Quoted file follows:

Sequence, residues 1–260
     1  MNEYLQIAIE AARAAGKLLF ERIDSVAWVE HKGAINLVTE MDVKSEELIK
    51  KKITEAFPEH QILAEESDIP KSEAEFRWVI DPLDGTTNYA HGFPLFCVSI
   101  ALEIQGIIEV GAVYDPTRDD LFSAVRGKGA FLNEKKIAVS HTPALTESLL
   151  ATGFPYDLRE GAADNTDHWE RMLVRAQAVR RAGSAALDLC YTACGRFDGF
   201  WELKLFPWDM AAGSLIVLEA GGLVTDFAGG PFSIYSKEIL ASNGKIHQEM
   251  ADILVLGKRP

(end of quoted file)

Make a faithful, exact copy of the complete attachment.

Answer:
Sequence, residues 1–260
     1  MNEYLQIAIE AARAAGKLLF ERIDSVAWVE HKGAINLVTE MDVKSEELIK
    51  KKITEAFPEH QILAEESDIP KSEAEFRWVI DPLDGTTNYA HGFPLFCVSI
   101  ALEIQGIIEV GAVYDPTRDD LFSAVRGKGA FLNEKKIAVS HTPALTESLL
   151  ATGFPYDLRE GAADNTDHWE RMLVRAQAVR RAGSAALDLC YTACGRFDGF
   201  WELKLFPWDM AAGSLIVLEA GGLVTDFAGG PFSIYSKEIL ASNGKIHQEM
   251  ADILVLGKRP